The children of missing landfill worker Anna Evans are without a place to live after having been evicted from their George Town homes on Tuesday.
More than 20 people in six families, including the five children of Ms. Evans, were served with writs of possession on Tuesday morning.
Bulldozers were scheduled to demolish homes on the property on Shedden Road on Wednesday afternoon.
The writ of possession issued by the court was stapled to several doors at the back of the 0.6-acre property because the lawful owner, Kent Rankin, wants to take possession of the property.
But residents, including Ms. Evans’s sister Noreen Dixon, who has been looking after the five children since their mother disappeared, said they planned to lock themselves inside in protest.
Ms. Dixon said the alternative was for her and the children, who are between the ages of 11 and 22, to be left on the streets.
“My sister did not have a home of her own. She paid rent for her and the children and when she went missing, I took them home,” she said.
“This is the bottom line, we do not have anywhere else to go. My mother is 58 … she point blank stated she is not moving.
“If they lock the doors, we are staying put, it is not going to be a very nice, outcome.”
Other residents living in the homes, across from Archie’s Bar, said they would not be moving.
Police arrived at the property Tuesday to begin boarding up the homes. Residents say they were told they had until 5 p.m. the following day to remove their belongings,
“I was in the house with my wife, daughter and grandbaby when officers started boarding up my house and [putting] padlocks on all the doors,” said Anthony Scott.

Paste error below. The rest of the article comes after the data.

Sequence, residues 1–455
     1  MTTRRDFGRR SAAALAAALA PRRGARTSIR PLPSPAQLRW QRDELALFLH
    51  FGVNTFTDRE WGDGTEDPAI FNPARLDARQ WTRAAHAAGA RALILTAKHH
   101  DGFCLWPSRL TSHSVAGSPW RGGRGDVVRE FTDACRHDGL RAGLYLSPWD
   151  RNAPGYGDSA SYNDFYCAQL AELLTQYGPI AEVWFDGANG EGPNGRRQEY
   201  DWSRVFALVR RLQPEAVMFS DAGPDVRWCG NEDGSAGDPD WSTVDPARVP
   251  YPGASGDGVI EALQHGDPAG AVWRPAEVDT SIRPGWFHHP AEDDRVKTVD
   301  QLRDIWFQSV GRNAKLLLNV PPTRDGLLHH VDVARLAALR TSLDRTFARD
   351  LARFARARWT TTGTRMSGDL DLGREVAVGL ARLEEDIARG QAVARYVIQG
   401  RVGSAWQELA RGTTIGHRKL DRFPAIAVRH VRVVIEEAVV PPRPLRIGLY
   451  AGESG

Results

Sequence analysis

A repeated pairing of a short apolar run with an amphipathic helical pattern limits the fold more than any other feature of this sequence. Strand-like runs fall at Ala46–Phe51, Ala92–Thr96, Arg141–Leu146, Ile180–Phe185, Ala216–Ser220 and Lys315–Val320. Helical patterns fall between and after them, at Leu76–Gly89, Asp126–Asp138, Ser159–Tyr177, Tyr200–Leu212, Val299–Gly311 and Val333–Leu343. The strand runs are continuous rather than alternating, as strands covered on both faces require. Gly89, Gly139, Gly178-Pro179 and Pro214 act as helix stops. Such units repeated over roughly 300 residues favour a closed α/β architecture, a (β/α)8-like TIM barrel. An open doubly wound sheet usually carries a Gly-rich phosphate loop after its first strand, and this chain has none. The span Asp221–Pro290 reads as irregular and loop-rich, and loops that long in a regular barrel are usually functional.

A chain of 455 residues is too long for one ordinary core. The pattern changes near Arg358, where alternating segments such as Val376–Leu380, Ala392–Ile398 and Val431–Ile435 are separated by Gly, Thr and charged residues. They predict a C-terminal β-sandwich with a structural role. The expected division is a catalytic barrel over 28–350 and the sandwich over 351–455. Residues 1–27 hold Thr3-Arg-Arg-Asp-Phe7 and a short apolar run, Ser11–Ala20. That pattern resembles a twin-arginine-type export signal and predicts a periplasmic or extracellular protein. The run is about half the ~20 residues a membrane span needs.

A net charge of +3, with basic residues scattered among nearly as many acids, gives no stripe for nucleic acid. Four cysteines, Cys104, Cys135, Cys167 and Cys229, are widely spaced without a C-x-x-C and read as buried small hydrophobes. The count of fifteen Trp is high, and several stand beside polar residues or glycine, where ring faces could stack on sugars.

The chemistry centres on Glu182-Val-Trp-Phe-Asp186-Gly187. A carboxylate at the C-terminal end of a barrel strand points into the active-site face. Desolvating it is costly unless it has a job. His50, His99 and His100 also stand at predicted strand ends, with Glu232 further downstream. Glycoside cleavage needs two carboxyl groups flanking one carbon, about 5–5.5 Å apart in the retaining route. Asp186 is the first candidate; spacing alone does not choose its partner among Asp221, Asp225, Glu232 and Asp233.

Mr. Scott said he was told by officers after they removed one padlock for his family to get out, that they had orders from the Grand Court and a letter from Mr. Rankine to lock up the place, and that the families living there could come back from 9 a.m. to 5 p.m. on Wednesday to collect their belongings.
“I am staying put and not moving, and I just waiting until I hear back from my lawyer,” he said.
“I will lock myself in my home and I am not coming out,” said Lucy Seymour, 58, who gathered with other family members and children at the front of her house.
She claims the land belongs to her father “and I would like it to stay that way.”
Ms. Dixon said her family had lived on the property all their lives.
Setbacks since Ms. Evans’s disappearance
More than three years has passed since Ms. Evans disappeared on Jan. 27, 2011, and as the trail grows cold in solving the case, setbacks continue to plague Ms. Evans’s five children, said Ms. Dixon.
According to Ms. Dixon, when she found out they were going to be evicted she approached a politician about the matter and was told they would get back to her, but she has not heard anything else.
“Every time I go to government about Anna’s children, they make me cry. “They know my situation for assistance but …they tell me I must come and find them but what they must remember is, Ann went missing on her job working for government.”
To this day, there is no information about what happened to Ms. Evans. Despite intensive searches of the George Town landfill site and surrounding land and waterways by specialists, family and friends, police, and hundreds of volunteers, she had not been found. Even a $50,000 reward announced by dms Broadcasting at the time following her disappearance failed to yielded any positive leads.
To help the children, Ms. Dixon has published pleas for public support over the years.
“All the children … are very upset with no answers about their mother,” said Ms. Dixon. “I try to do the best I can with the little I have.”
Anyone interested in assisting may contact Noreen Dixon on 928-3504.